Enzyme Mixed proteolytic and amylolytic enzyme sold by Novo Industrie AS.

Brightener Disodium 4,4'-bis(2-morpholino-4- anilino-s-triazin-6-ylamino) stilbene-2:2'-disulphonate.

DETPMP Diethylene triamine penta (methylene phosphonic acid), marketed by Monsanto under the Trade name Dequest 2060

Mixed Suds 25% paraffin wax Mpt 50 C, 17% Suppressor hydrophobic silica, 58% paraffin oil EXAMPLE I

The following Compositions were prepared. Products A and B are in accordance with the invention, while Product C is a comparative product.

* Coated percarbonate adjusted to give identical level of available 02 (1.88% of product) to Product A Products A and B were made by a combination of spray drying, agglomeration and dry mixing techniques. A spray dried powder was made incorporating all of the TAS, approximately one quarter of the LAS, all of the Maleic anhydride/acrylic acid copolymer, DETPMP, CMC and brightener and part of the carbonate and zeolite builders. Approximately 82% of the zeolite and 65% of the carbonate were included in the crutcher and the spray dried product was passed through a Lodige KM high speed mixer/cutter, following which the 45E7 nonionic was sprayed on to the granules. The treated granules were then transferred to a conveyor belt. The remainder of the LAS, carbonate and zeolite were processed in a Lodige KM high speed mixer to form agglomerated particles which were fed to the conveyor belt. The other dry solid ingredients viz. the citrate, silicate, percarbonate and bleach activator were also added to the belt at the same time. Finally the mixed particulates were subjected to a low intensity blending step in a mix drum, during which step the perfume and suds suppressor were sprayed on to the particulates to form the finished product.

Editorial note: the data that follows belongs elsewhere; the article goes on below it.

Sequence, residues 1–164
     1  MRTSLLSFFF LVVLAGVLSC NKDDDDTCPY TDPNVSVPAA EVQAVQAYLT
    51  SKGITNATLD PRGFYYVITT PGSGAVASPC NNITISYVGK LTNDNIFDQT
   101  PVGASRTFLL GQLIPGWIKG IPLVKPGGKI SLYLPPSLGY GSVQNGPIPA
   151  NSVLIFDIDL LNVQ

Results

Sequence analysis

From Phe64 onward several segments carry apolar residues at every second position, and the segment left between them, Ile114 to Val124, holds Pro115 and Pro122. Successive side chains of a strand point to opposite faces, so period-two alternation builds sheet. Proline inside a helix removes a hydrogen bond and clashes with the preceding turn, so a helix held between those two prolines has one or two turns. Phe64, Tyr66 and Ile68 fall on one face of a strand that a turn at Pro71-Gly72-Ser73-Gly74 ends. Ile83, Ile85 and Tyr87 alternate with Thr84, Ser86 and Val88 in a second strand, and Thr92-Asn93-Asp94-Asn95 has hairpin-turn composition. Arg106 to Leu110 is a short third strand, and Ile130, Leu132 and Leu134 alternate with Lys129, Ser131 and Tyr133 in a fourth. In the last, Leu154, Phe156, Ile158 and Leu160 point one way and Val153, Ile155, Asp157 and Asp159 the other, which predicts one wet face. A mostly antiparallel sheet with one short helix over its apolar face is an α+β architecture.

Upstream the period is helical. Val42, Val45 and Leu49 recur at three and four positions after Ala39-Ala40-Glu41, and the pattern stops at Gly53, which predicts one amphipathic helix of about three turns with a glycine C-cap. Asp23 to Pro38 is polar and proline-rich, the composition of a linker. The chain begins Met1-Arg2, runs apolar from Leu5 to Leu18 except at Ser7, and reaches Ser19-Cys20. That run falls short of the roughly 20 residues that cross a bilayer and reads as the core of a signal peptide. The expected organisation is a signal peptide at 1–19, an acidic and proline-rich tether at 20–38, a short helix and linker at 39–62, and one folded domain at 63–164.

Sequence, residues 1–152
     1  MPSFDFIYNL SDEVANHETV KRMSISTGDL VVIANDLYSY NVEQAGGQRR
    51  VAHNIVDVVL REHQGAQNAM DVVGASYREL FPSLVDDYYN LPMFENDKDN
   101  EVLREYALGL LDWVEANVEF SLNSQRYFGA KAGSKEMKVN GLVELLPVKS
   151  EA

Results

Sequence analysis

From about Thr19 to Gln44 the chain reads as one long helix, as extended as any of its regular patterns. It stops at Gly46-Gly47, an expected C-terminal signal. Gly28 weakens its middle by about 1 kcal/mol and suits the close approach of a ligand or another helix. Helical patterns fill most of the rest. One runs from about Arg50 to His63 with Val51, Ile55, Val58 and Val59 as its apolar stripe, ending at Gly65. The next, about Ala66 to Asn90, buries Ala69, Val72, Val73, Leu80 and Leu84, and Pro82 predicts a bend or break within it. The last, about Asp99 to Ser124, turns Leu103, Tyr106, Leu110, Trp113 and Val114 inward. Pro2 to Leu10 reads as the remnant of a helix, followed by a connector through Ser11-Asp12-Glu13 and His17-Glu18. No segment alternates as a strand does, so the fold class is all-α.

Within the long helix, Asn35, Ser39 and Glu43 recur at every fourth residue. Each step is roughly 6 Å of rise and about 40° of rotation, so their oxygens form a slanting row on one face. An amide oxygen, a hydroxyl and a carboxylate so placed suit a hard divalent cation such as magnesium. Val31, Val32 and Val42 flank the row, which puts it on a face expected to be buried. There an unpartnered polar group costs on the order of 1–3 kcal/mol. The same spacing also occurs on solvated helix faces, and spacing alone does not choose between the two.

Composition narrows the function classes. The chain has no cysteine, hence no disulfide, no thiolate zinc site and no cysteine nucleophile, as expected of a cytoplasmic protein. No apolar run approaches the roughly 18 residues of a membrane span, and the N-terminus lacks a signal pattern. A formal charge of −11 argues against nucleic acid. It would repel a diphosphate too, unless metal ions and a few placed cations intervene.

Product C was made by the conventional method of spray drying the bulk of the ingredients and adding the heat sensitive ingredients by means of spray-on for liquids and dry mixing of the solids. Thus the LAS, TAS, zeolite, silicate, sulphate, CMC, DETPMP, brightener and polyacrylate were formed into a spray dried powder and the 45E7 was applied to the powder as a liquid spray-on. The granules were then transferred to a conveyor belt to which the other dry mixed ingredients viz. carbonate, percarbonate, TAED and enzyme were added as particulates and the mixture was passed through a slow speed mixing drum in which perfume and suds suppressor were applied as a spray. The products were then placed on storage at 32°C and 80% RH in closed wax laminated cardboard cartons and measurements were made of the available oxygen value for each at 0, 1, 2, 3 and 4 weeks. Four weeks storage under these conditions is believed to correlate with storage for at least 6 months under Southern European summer conditions.

The results were as follows, expressed as % of the original available oxygen level

It can be seen that Products A and B in accordance with the invention display acceptable percarbonate stability under the stated storage conditions, whereas the comparison product C does not have an acceptable percarbonate stability.

Claims

A solid laundry detergent composition, comprising by weight: a) from 5% to 20% of an organic surfactant; b) from 25% to 60% of one or more non phosphate detergent builder salts; c) from 3% to 20% of an alkali metal percarbonate bleach; d) from 0% to 67% of detergent ingredients other than those in a) to c) wherein the composition i) has a bulk density of at least 650 g/litre, and comprises at least one multi-ingredient component; ii) ^contains less than 25 ppm total of Iron, Copper and Manganese ions; and iii) has an Equilibrium Relative Humidity of not more than 30% at 32βC, whereby the weight percentage of the original percarbonate remaining undecomposed after 28 days storage in closed wax laminated paperboard cartons at 32°C and 80% Relative Humidity is at least
60%.
A composition according to Claim 1 wherein the equilibrium Relative Humidity is 25% maximum.
A composition according to either one of Claims 1 and 2 wherein the alkali metal percarbonate is coated.
A composition according to Claim 3 wherein the coating comprises sodium silicate, preferably in an amount of from 2% to 5% by weight of the percarbonate.
5. A composition according to either one of Claims 3 and 4 wherein the weight percentage of the original percarbonate remaining undecomposed after 28 days storage in closed wax laminated paperboard cartons at 32°C and 80% Relative Humidity is at least 80%.
6. A composition according to any one of Claims 1-5 containing not more than 2.5% by weight of sodium sulphate.
7. A composition according to any one of Claims 1-6 wherein any sodium sulphate present is not in the form of a separately added ingredient.
8. A solid laundry detergent composition according to any one of Claims 1-7 wherein one multi-component ingredient comprises a spray-dried powder, in an amount of up to 40% by weight.